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Offbeat Here's how the public can comment on Trump's border wall plan

02:10  09 september  2018
02:10  09 september  2018 Source:   usatoday.com

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a man standing in front of a mountain: In this June 13, 2013 file photo, Border Patrol agent Jerry Conlin looks out over Tijuana, Mexico, by the old border wall along the US - Mexico border, where it ends at the base of a hill in San Diego. U.S. Customs and Border Protection has begun testing body-worn cameras on its employees at nine locations.© AP FILE PHOTO In this June 13, 2013 file photo, Border Patrol agent Jerry Conlin looks out over Tijuana, Mexico, by the old border wall along the US - Mexico border, where it ends at the base of a hill in San Diego. U.S. Customs and Border Protection has begun testing body-worn cameras on its employees at nine locations.

Customs and Border Protection will extend the deadline for public input on the proposed construction of a border wall along the U.S.-Mexico border, about two months after a coalition of 40 organizations requested the agency allow more time for feedback.

The coalition of conservation, human rights, public interest, and faith-based organizations requested a 60-day extension in July for input on the project. The letter also encouraged the agency to host a series of public comment forums in the areas where the border wall would be built.

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Customs and Border Protection announced Friday it would take public input via email through Nov. 6, a news release states. Comments, questions, or concerns can be emailed to CBP at commentsenv@cbp.dhs.gov.

The agency is extending the input period "based on the feedback received as part of its earlier outreach," the release states.

Earlier this year, the agency sent a letter to select residents and organizations requesting public input, but did not publish a public notice, the coalition's letter reads. The groups expressed concern that the solicitation for public comment didn't meet the standards for public consultation that the National Environmental Policy Act sets.

a man standing on a bridge: May 5, 2017; Naco, Ariz, USA; Rancher John Ladd leans on his truck on his ranch, which borders with Mexico (behind him). He has been frustrated for years over the illegal border crossers and drug smugglers that cut through his ranch. The 16,000 acre calf/cow operation has been in the Ladd family for 121 years. Mandatory Credit: Michael Chow/The Arizona Republic via USA TODAY NETWORK© Michael Chow/The Arizona Republic via USA TODAY NETWORK May 5, 2017; Naco, Ariz, USA; Rancher John Ladd leans on his truck on his ranch, which borders with Mexico (behind him). He has been frustrated for years over the illegal border crossers and drug smugglers that cut through his ranch. The 16,000 acre calf/cow operation has been in the Ladd family for 121 years. Mandatory Credit: Michael Chow/The Arizona Republic via USA TODAY NETWORK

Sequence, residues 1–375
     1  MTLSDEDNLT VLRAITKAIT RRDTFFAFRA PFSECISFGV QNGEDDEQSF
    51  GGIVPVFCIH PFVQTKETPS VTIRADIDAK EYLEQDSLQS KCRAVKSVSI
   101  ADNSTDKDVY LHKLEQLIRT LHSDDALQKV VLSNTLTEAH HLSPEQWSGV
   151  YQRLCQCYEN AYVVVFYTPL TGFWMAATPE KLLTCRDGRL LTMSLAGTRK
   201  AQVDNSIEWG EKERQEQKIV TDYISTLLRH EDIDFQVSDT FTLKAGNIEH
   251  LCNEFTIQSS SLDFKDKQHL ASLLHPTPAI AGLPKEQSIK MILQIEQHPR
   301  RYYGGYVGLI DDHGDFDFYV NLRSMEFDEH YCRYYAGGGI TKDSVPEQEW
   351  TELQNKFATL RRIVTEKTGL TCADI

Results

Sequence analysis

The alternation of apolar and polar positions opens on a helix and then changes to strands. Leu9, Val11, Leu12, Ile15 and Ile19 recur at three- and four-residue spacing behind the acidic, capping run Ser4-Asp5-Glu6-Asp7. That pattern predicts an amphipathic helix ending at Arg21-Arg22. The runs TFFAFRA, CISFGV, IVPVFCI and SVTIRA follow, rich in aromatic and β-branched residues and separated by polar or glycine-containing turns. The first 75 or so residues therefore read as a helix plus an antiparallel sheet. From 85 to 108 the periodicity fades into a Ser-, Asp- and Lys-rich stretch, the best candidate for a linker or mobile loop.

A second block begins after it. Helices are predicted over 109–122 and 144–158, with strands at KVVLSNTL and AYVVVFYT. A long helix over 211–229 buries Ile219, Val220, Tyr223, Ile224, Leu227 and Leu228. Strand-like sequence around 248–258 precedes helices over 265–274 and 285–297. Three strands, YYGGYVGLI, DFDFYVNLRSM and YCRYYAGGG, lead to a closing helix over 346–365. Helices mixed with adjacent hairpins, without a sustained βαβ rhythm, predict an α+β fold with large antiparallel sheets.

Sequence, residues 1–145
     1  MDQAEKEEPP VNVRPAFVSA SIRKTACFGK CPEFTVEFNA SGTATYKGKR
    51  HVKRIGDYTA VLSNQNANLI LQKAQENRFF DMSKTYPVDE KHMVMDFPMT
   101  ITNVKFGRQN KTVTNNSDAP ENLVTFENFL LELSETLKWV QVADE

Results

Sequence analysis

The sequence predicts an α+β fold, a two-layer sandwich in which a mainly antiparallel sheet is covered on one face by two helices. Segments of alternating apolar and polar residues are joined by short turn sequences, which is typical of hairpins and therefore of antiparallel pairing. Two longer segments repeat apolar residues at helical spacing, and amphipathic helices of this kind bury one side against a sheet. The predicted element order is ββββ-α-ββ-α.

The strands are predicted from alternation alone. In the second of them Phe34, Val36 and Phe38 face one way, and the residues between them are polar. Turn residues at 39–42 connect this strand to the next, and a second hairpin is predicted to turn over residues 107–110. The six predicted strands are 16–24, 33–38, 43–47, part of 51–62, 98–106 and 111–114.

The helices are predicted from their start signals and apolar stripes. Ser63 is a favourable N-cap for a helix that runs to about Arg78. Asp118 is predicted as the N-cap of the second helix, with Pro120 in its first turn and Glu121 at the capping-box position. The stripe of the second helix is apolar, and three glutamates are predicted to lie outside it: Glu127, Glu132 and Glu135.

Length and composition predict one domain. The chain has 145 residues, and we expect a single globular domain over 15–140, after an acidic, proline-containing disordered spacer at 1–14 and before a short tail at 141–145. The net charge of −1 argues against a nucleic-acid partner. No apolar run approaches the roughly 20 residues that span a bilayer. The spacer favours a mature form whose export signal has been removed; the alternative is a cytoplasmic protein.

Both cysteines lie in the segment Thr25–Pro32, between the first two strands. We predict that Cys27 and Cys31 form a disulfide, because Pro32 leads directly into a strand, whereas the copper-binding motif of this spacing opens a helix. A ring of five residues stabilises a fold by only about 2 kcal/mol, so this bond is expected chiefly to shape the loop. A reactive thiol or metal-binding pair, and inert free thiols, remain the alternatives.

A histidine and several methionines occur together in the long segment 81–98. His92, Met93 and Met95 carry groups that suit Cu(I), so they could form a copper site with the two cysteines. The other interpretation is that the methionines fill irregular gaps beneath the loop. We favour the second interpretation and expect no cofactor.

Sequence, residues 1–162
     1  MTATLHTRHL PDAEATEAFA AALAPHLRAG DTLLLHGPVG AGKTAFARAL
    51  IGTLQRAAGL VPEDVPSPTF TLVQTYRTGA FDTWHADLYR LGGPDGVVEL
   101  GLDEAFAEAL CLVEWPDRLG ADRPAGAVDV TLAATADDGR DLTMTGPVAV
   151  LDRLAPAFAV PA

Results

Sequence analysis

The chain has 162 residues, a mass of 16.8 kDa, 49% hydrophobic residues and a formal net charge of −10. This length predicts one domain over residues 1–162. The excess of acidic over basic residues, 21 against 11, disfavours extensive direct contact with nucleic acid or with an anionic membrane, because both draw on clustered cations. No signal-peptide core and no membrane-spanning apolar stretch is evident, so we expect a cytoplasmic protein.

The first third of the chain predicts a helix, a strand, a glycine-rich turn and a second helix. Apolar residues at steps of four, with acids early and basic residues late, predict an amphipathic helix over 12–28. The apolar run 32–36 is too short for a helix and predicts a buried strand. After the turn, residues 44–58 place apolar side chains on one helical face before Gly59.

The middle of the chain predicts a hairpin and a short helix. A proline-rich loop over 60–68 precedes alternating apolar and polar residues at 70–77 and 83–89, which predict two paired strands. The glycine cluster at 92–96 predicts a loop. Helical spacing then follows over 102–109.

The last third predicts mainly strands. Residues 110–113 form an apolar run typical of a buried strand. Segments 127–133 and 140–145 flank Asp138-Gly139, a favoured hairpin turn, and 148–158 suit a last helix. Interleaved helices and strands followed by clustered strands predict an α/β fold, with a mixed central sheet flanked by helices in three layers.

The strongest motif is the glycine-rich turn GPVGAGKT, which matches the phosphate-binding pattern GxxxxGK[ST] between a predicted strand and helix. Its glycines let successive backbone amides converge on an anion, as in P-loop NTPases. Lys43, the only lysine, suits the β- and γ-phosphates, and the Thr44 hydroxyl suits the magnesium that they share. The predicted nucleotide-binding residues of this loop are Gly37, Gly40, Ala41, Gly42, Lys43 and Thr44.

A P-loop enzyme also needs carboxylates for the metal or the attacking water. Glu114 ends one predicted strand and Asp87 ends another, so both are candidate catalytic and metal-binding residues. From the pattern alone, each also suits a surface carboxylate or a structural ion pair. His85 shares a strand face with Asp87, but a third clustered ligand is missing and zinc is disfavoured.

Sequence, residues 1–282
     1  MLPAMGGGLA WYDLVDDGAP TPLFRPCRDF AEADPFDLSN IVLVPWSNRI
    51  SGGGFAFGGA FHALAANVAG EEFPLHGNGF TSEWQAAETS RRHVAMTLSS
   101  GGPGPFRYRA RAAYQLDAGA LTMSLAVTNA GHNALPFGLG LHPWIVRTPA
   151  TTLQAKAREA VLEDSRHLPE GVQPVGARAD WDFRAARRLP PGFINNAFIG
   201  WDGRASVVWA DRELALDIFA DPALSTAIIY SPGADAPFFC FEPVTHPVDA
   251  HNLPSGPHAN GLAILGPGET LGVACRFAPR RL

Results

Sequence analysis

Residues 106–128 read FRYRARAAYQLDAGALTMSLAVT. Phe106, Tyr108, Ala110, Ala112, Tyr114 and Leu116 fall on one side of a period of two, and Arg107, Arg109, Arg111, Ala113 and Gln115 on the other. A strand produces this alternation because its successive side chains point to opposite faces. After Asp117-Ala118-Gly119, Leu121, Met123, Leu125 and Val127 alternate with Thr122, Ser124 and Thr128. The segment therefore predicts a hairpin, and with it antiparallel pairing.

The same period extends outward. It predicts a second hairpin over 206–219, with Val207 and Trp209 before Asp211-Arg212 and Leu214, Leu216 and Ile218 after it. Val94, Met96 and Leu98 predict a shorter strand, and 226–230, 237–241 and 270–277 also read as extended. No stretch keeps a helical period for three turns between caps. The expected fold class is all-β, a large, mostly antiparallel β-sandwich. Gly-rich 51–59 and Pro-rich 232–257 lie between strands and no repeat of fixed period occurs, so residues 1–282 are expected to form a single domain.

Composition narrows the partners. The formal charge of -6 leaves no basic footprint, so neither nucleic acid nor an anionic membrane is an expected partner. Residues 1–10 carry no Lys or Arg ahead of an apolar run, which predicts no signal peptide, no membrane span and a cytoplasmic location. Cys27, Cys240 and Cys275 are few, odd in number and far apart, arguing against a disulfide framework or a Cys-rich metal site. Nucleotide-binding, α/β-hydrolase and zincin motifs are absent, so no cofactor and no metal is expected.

The groups also said the original comment period was “not adequate” and the agency had “distributed this notice in a manner inconsistent with transparent and informed decision-making.”

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"CBP’s 30-day comment period, without even a single public meeting, strongly suggests a lack of sincere interest in obtaining thoughtful comments and broad engagement with the diverse constituencies affected by border barrier construction," the letter states.

The area of proposed construction spans about 33 miles and bisects numerous National Wildlife Refuge tracts, Bentsen-Rio Grande Valley State Park, Roma and La Lomita National Historic Districts, and dozens, if not hundreds, of private properties, the letter states.

THE WALL - an in-depth investigation into Donald Trump's border wall

Input is welcome on the potential border wall's impact on the environment, culture, and commerce, including potential socioeconomic impacts, and quality of life, the agency release states. The agency also will conduct environmental site surveys and assessments and is gathering data and input from state and local government agencies, federal agencies, Native American tribes, and landowners that may be affected by or otherwise have an interest in the construction projects.

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"Helpful comments are fact-based, include links to data or research, and provide specific information concerning potential impacts to biological, cultural, and natural resources," the release states. "If known, your response should include any state and local restrictions, permitting or other requirements that CBP should consider during project siting, construction, and operation."

Last month, the U.S. Government Accountability Office published a report describing testing and evaluation methods used, as well as a summary of some of the findings, according to the Arizona Republic.

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The report points to structural issues in the design or with the construction of eight prototypes that were erected in a hilly area on the outskirts of San Diego, California.

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The government runs out of money Sept. 30 at the end of the nation's fiscal year. Lawmakers in both chambers have passed appropriations bills in small clusters to get funding locked in for as many agencies as possible, according to reports. Then they hope to pass a short-term funding bill — known as a continuing resolution — to keep the leftover agencies funded at the current level while they continue to hammer out a solution.

FY18 RGV Border Construction Projects Request for Input by Beatriz Alvarado on Scribd

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